Eaton, which has a small and growing aviation business, is focused on power management, with operations in the electric, hydraulic, auto, and, yes, aviation spaces. Its yield is around 3.7%, giving it an edge over the aircraft maker on the yield front. Like Boeing, however, it paused the dividend during the 2007-to-2009 recession, so it, too, only has five years of annual increases under its belt.

BA data by YCharts

And while Eaton is expecting 2016 to be a bad year for organic growth (down as much as 4%), even worse than 2015 was (organic growth fell 2%), Eaton's diversified business model should allow it to remain well in the black. It's calling for operating earnings of $4.15 to $4.45 a share this year -- in a bad year. For reference, operating earnings were just shy of $4.25 last year. So you get to collect a nice dividend yield while waiting for the industrial sector to tick higher again.

Emerson's yield is around 3.5%, a touch higher than Boeing offers. Emerson's business spans the automation, process management, network power, climate control, and commercial and residential products segments. Notice that aviation isn't on that list. That makes this a tougher sell if you're looking for aviation exposure, but the yield and a nearly 60-year history of annual dividend increases might be enough to entice you to consider ditching Boeing. Imagine, 60 years of annual "pay raises" in good years and bad!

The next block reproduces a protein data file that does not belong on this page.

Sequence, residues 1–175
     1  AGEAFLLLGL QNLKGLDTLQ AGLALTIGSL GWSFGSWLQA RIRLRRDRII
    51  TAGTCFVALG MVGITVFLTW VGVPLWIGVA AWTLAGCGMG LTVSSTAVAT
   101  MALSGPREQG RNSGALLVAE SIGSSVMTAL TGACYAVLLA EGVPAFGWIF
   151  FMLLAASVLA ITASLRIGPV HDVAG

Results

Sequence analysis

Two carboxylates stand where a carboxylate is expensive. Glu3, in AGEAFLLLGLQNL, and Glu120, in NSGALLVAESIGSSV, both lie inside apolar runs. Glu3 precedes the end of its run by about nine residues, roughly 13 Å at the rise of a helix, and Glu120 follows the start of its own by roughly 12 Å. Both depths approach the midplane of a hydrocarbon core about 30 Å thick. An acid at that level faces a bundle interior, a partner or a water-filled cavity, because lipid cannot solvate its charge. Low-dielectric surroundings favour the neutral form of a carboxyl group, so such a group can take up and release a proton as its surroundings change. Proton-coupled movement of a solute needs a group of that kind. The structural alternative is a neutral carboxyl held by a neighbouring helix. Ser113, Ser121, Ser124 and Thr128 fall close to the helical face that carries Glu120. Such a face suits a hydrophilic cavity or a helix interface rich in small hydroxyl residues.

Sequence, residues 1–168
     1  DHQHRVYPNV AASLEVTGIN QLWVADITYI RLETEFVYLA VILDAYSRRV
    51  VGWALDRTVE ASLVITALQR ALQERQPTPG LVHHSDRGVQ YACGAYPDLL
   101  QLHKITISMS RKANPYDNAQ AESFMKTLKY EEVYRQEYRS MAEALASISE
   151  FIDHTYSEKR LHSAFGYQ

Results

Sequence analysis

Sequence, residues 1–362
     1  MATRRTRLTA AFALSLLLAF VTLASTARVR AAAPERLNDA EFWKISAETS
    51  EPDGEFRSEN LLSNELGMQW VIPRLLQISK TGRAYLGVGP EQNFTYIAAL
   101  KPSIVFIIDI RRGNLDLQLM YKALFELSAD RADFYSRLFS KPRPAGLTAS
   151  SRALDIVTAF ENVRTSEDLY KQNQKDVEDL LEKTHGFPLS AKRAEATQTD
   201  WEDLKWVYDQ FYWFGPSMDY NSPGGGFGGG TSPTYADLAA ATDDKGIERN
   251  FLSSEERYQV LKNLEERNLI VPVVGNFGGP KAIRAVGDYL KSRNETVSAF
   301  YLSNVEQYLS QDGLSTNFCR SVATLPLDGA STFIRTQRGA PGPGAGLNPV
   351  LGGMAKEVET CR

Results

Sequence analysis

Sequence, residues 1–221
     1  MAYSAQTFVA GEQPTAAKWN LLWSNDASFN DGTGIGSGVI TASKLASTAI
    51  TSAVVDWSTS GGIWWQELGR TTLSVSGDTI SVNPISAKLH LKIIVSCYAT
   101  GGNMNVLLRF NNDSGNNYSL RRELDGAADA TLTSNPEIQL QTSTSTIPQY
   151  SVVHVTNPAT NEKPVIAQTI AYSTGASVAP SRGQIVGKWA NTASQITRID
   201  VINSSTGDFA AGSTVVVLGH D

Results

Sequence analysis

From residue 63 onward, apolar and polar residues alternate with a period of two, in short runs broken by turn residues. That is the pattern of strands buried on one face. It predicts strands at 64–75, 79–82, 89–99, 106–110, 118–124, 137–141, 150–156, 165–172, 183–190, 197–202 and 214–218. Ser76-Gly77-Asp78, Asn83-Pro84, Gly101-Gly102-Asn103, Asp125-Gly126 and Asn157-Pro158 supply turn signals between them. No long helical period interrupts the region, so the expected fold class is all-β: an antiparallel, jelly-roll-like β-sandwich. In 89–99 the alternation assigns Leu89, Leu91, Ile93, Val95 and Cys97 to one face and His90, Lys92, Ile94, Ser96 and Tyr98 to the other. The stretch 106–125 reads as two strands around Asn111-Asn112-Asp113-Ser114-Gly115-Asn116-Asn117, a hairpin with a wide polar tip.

Now, to be fair, Emerson is expecting organic sales to fall as much as 5% this year. And it's getting ready to jettison its network power business, which it only recently started to build. But the current yield is roughly 10% above its average over the past five years. If you have to have some aviation exposure, look elsewhere. But if you're looking for an industrial company with a good yield, trading at what appears to be a discount to historical levels, and has a long (really long) history of rewarding investors with dividend hikes, Emerson has to be considered.

Forget Boeing?
So, should you forget Boeing? No. It's a good aviation company and deserves your consideration. However, you shouldn't focus exclusively on Boeing, either. There are other companies with varying exposure to aviation that are worth looking at, such as United Technologies and Eaton Corp. And there are companies without any exposure, such as Emerson, but with a higher yield and a longer history of annual dividend increases. You'd be remiss if you didn't look at this trio before pulling the trigger on Boeing.

The article Forget Boeing Co.: Here Are 3 Better Dividend Stocks originally appeared on Fool.com.

Reuben Brewer owns shares of Eaton. The Motley Fool recommends Emerson Electric. Try any of our Foolish newsletter services free for 30 days. We Fools may not all hold the same opinions, but we all believe that considering a diverse range of insights makes us better investors. The Motley Fool has a disclosure policy.